Kivy – Android Life Cycle
July 23, 2014 2 Comments
If your app is a stand alone app which doesn’t interact with the rest of the Android environment, then you don’t have to worry about life cycles. For everyone else, welcome to the Android way of doing things. The Android life cycle reflects a design decision by the Android developers that any app needs to be able to be interrupted at any time without warning for no reason – originally I think this was in order to receive phone calls and/or account for low phone resources. However, it still applies to devices which don’t even have a cell phone radio.
Android deals with this primarily through calling on_pause and on_resume methods on apps (actually onPause and onResume in Java). If the app wants to do something there (eg save/restore current data!), well and good. Android calls on_pause() when it returns Android suspends the app until someone brings the app to the foreground again, at which time on_resume() is called. The Android lifecycle is actually more complicated than this but let’s not sweat the details.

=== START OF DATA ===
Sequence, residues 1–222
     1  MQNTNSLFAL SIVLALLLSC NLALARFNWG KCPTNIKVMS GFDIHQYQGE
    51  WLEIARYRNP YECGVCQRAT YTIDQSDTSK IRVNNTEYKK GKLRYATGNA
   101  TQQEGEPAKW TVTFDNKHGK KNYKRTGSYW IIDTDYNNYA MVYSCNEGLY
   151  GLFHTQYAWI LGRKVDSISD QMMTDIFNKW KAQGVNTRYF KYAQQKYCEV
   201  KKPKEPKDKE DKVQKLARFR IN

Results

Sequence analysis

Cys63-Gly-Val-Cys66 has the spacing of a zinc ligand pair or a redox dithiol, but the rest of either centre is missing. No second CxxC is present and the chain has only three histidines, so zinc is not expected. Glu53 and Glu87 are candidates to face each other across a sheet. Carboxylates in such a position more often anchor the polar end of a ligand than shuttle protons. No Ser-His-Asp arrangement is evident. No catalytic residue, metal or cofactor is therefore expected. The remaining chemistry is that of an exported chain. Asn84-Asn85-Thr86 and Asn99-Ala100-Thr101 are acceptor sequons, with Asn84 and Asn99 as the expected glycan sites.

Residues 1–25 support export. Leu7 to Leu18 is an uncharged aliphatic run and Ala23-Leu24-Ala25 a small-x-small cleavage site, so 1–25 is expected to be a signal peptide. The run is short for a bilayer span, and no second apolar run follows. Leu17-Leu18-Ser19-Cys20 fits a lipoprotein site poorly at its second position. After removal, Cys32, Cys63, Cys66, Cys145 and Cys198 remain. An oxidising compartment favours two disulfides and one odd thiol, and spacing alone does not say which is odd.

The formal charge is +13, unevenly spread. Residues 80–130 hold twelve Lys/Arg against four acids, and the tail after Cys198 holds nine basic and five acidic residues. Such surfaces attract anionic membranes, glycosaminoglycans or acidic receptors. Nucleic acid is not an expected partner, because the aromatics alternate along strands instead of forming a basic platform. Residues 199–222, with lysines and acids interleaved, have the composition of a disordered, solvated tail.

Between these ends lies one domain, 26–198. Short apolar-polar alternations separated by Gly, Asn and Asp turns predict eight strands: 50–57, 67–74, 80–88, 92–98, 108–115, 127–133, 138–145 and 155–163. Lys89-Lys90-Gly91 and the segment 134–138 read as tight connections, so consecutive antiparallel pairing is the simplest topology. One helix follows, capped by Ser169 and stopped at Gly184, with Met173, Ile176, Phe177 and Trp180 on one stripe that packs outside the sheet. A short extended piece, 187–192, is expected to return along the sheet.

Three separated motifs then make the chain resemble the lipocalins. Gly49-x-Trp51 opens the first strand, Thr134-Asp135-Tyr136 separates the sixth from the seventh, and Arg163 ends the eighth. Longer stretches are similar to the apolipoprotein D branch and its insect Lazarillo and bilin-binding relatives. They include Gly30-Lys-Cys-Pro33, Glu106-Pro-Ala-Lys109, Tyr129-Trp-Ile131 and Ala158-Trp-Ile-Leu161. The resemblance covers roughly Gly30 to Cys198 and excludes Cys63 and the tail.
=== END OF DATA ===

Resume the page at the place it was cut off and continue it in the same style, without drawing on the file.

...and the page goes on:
Kivy allows you to implement the on_pause and on_resume simply by adding these methods to your app instance. Some sample code:
class GridderApp(App): # stuff deleted def on_pause(self): self.uiwidget.save(path =".", filename=PAUSE_FILE_NAME) return True # app sleeps until resume return False to stop the app def on_stop(self): pass def on_resume(self): self.uiwidget.load(path=".", filename=PAUSE_FILE_NAME, store_save= False)